I remember an amusing incident. One of the Namboodiris became entangled in a lawsuit involving a promissory note and landed in jail. The police treated him with great respect since he was a Brahmin. They escorted him to our illam for lunch every day.
He would first have an oil bath, then go the temple and chant the Gayatri mantra a hundred and eight times and perform elaborate worship. Ultimately, he would be very late for lunch. Father would wait patiently for him at the illam and eat with him no matter how late he was. Father himself would serve him, then sprinkle water around his own banana leaf and sit down for lunch as well.
“So you’re going to eat, Karuvadu?” The Namboodiri would ask Father at this point. Karuvadu was the name of our illam.
“Now who will sprinkle water around my leaf after lunch?”
“You could always use your left hand to do so.”
“I’ve never done that.” And he had just come from jail!
“Well, you can start today,” my father would retort.
This became an oft-told story among the Namboodiris. If someone had to do something he had never done before, he’d be told, “Well, you can start today.”
We knew another character named Dishi Raman – Dishi was the name of his illam. He was known as a mattideshakkaran, which is what people who belonged to Mezhathur or Thrithala were called. It was a derogatory term. VT Bhattathiripad, the well-known Namboodiri reformer, was called one as well.
Mattideshakkarans were believed to be ugly. Even the names of their illams were deliberately mispronounced. Dishi, for instance, would be transformed for a joke into Patheelu or something like that.
To catch sight of Dishi Raman was considered an evil omen. If someone cut his hand or fell down, people would say, “Dishi Raman must be on his way here.” And the poor man would arrive! He was tall and very old, with sunken cheeks and a long, dark face. He carried several bundles and a stick. He wore a shirt and something that looked like an old coat over it. He would hold both edges of his dhoti tightly as he walked. He was a magician of sorts and rumoured to know black magic. Altogether, he looked a bit like the red-bearded villain in Kathakali.
He usually came our way to conduct a lawsuit. Kullan Subramanya Iyer (known as “Kullan” because he was short) was his lawyer. People said most of the lawsuits were to do with fraudulent money transactions. Dishi Raman always came directly to Karuvadu. He would spend most of his
time in the dining hall of the temple. He’d have a long bath and then perform worship.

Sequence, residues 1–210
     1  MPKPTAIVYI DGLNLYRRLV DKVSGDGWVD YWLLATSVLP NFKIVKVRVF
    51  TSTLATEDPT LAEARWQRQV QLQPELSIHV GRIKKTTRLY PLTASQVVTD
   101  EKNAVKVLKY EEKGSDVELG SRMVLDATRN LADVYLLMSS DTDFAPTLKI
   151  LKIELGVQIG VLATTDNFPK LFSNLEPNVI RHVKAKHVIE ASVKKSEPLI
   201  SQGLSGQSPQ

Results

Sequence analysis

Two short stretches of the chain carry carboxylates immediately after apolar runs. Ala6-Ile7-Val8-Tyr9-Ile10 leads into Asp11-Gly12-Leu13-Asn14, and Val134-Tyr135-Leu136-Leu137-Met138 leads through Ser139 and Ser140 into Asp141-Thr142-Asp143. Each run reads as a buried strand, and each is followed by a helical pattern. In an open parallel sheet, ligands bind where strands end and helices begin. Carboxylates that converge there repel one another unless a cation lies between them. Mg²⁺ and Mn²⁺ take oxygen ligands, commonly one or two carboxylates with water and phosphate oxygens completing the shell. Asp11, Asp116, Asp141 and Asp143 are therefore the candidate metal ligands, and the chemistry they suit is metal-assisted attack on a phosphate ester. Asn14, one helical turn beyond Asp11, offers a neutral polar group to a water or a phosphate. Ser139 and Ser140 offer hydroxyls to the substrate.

It was said he always did things the wrong way round and that he performed the thevaram, the ritual of worship performed for household deities, as if it were black magic. No one dared watch him, we children were afraid to even go that way. Dishi was a dashasandhi, a harbinger of evil fortune. Did he ever clean his teeth or wash his clothes? I do not remember seeing him do so. Not that I’m implying there’s any harm in that.
An evil omen of some kind was always associated with Dishi’s arrival. An odour of asafoetida clung to him; he had a store of it in his bag. Besides this, he carried onions, red chillies and other spices he would need with a meal. He would set out all of these before he ate. Cooked food would be sent from our illam – rice, gravies and vegetables – and either Father or one of us would serve him. He always arrived late for lunch after his visits to the lawyer. If Father had eaten by the time he arrived, he would chide him: “So you’ve already had lunch, Karuvadu?” Father seldom gave him occasion for this accusation.
He visited us often, sometimes staying for a week at a time. He spoke only to Father during this period. He always behaved authoritatively, but Father never said anything to displease him, it was his way to tolerate everything Dishi did. Father actually made up a verse, the gist of which was: “I am the hero who has never said an impolite word to Dishi Raman.” A great title indeed!
Visitors to our illam who had not come in connection with lawsuits were usually bound for Guruvayoor. They would first have a bath, then lunch. After a short nap, they would eat dinner and continue their journey. A huge boat would be waiting near Kutti Vaidyar’s bridge over the canal. They would get into it and go to sleep. The boat left at ten o’clock at night and reached Chavakkad early morning. They would walk from there to Guruvayoor. I have often travelled by this route. Most of the time, the boatmen did not have to row at all. Holding on to the oars tied to both sides of the boat, they would walk along the canal.
There was no direct bus to Guruvayoor. There was a boat service for some time but it folded up because the sandbank gave way. Only the Canoli Canal endured.
Excerpted with permission from Sketches: The Memoir of an Artist, KM Vasudevan Namboodiri, translated from the Malayalam by Gita Krishnankutty.